HAINES -- It rained last night and is still raining and that is a fine thing, because here in Southeast -- even the drier northern tip -- we are cloud-loving people. We get a little anxious when the sun shines too much. Also this rain is a good reason to take one more day off after the bike race and my calves are thanking me.
A week ago, the 17th annual Kluane to Chilkat International Bike Relay attracted about 1,100 cyclists, more than 200 eight, four, and two person teams and about 49 solo riders who made the 148-mile ride from Haines Junction, Yukon Territory, high up on the other side of the Chilkat Pass, south and down along the river to tidewater in Haines.
The race record is five hours and 55 minutes. This year the winners, a duo from Fairbanks, arrived on the Fort Seward Parade Grounds in six hours, 46 minutes and change. The slowest finishers were two 60-something guys from Alberta in about 12 and a half hours.
My husband and I have been involved with the race since the beginning. That's why I haven't been awake at midnight on the summer solstice in years.
After cycling hard, or volunteering at the finish line -- or both (and a warm bowl of chowder and a cold beer) -- I fall asleep. I've had the same holiday routine forever it seems.
Well, sort of. Four years ago I had a bad wreck training for the race. I was run over by a truck. (Nuts, but true; enough said.) It took me two years to buy a new bike. The good news is that time helps you forget. Now, the medevac, the nursing home, all of it, don't seem so scary.
This year, our four-person team camped in Haines Junction the night before the race. We set up tents in a quiet meadow three miles from the start. Beyond the pink fireweed, blue lupine, and yellow butter and egg, snow-creased mountains rose straight up.
In the pictures we didn't take of the postcard scene, all you'd see is a blur of flailing arms and slapping hands. We didn't admire the view either.
My husband and I dove in the musty tent and zipped it up tight. Thousands, perhaps millions, of mosquitoes buzzed at the edges. In the morning, we covered ourselves with bug spray and head nets and wondered out loud how anyone could live in the Yukon. Our partner had a clunky stove and wanted to make oatmeal for his son, our fourth rider. They battled the bugs in the parking lot while we brewed coffee with a mini camp stove in the old Suburban's front seat.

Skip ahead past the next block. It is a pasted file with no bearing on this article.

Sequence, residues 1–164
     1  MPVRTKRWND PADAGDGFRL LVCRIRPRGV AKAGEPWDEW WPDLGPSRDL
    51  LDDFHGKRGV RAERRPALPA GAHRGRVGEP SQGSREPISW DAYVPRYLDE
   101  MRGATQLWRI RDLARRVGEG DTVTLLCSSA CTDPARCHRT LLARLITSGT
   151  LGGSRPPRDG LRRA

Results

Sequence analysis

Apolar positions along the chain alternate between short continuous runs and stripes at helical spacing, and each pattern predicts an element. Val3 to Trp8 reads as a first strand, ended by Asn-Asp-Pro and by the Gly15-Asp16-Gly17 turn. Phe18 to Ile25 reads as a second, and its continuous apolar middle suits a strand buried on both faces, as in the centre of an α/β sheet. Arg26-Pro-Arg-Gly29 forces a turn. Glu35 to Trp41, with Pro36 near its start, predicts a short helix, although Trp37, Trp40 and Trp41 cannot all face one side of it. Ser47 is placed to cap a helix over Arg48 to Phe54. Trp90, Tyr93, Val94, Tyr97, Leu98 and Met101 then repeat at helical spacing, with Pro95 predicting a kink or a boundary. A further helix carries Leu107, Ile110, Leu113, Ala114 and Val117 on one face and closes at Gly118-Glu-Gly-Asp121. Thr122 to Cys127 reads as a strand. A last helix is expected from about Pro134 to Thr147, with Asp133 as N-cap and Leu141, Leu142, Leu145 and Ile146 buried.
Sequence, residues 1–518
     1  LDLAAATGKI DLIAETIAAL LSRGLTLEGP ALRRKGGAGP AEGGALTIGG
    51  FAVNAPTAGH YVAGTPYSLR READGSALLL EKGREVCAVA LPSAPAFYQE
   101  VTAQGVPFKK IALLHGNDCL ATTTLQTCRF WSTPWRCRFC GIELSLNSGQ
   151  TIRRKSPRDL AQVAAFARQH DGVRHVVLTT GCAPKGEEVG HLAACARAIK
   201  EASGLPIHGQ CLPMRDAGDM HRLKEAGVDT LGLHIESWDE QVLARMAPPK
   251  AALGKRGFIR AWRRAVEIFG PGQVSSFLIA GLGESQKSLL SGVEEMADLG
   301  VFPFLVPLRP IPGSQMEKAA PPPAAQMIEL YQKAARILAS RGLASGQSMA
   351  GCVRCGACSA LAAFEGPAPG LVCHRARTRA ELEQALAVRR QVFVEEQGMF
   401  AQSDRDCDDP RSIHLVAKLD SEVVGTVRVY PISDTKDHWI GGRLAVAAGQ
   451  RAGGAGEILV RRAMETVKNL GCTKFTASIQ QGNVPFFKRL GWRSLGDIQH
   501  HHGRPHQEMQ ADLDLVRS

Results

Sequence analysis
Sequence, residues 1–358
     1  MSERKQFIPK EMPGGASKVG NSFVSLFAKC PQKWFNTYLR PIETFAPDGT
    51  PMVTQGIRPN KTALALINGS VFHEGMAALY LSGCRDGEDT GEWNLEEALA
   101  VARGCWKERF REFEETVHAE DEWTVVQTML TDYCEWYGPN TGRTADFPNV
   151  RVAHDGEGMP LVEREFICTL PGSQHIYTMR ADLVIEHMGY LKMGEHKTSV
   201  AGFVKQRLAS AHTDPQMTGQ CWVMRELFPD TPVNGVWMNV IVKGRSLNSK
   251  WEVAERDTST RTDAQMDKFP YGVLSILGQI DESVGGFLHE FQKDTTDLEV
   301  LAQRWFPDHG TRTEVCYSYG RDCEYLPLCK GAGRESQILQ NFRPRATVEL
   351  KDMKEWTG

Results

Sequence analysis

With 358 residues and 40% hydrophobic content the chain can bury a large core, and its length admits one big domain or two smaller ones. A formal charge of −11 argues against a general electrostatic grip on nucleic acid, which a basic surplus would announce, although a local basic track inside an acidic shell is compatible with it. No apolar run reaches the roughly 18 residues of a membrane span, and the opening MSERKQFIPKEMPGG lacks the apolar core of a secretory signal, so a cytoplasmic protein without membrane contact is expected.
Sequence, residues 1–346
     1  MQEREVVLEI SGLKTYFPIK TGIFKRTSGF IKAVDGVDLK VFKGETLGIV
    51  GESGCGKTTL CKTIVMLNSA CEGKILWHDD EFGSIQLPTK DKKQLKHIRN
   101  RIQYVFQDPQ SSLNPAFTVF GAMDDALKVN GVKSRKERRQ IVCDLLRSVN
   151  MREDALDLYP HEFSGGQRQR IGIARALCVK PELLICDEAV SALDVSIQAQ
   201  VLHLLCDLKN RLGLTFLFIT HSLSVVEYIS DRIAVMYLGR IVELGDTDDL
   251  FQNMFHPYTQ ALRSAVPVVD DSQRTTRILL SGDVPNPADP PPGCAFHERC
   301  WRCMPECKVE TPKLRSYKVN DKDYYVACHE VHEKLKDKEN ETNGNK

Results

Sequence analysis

Then a woman with a lot of pink skin pulled in nearby and let two big dogs out of her car. She waved and walked cheerfully down the trail. She had no head net. She had bare arms. The cloud of blood-sucking insects parted.
Maybe there is a pill Yukoners take that keeps bugs at bay.
Our teammates piled in, slapping and scratching, and we all dressed gymnastically and discretly.
After running around to the back of the car to fill a water bottle, I wished out loud for a breeze.
I was rewarded with a strong headwind that increased all the way to Haines.
Usually that is no fun, but for me the wind proved a kind of blessing. I had been worried that my old instinct for racing would be gone from fear of a crash.
It didn't help that my husband was in the only real wreck of the day. A mile from his checkpoint a rider in their swift-pedaling pack caught another cyclist's wheel and fell. My husband ran into her and flipped end over end, breaking his nose, smashing his shoulder and snapping his shifter cable.
He finished the leg, wobbling on crunchy gears, blood gushing down his face, smiling.
It was his Marlon Brando "On The Waterfront" moment. "Oh man," one friend said later, "It doesn't get any better than that."
Well, it sure was unsettling for me.
After climbing up to the summit I rode the steepest downhill section to just above Canada customs, about 40 miles from home. In past years, I've hit 50 miles an hour on the long ramp-like roadway. This year I was afraid I'd chicken out and use my brakes before that happened. But thanks to the wind, there was little coasting. I had to pedal the whole way.
I had a good race. I don't mean we won or anything like that; we were about an hour and a half behind the top teams. What I mean is that I learned that in cycling, as in life, there will be mosquitoes and there will be wind and that sometimes you crash and sometimes you roll -- but the main thing is to keep pedaling.
I have also learned there is real satisfaction in surviving the worst, or at least the worst for now.
Heather Lende lives, writes and keeps on pedalin' in Haines.